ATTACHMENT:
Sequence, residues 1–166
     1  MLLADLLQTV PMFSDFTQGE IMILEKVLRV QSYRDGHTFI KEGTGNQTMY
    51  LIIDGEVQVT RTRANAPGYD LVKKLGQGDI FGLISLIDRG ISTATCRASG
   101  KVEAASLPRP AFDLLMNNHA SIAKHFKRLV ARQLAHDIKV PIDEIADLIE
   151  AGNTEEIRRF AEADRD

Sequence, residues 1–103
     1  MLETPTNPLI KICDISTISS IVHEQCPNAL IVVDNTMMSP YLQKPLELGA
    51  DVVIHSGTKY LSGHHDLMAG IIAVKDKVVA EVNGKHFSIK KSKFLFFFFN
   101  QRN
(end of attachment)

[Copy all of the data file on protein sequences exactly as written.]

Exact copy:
Sequence, residues 1–166
     1  MLLADLLQTV PMFSDFTQGE IMILEKVLRV QSYRDGHTFI KEGTGNQTMY
    51  LIIDGEVQVT RTRANAPGYD LVKKLGQGDI FGLISLIDRG ISTATCRASG
   101  KVEAASLPRP AFDLLMNNHA SIAKHFKRLV ARQLAHDIKV PIDEIADLIE
   151  AGNTEEIRRF AEADRD

Sequence, residues 1–103
     1  MLETPTNPLI KICDISTISS IVHEQCPNAL IVVDNTMMSP YLQKPLELGA
    51  DVVIHSGTKY LSGHHDLMAG IIAVKDKVVA EVNGKHFSIK KSKFLFFFFN
   101  QRN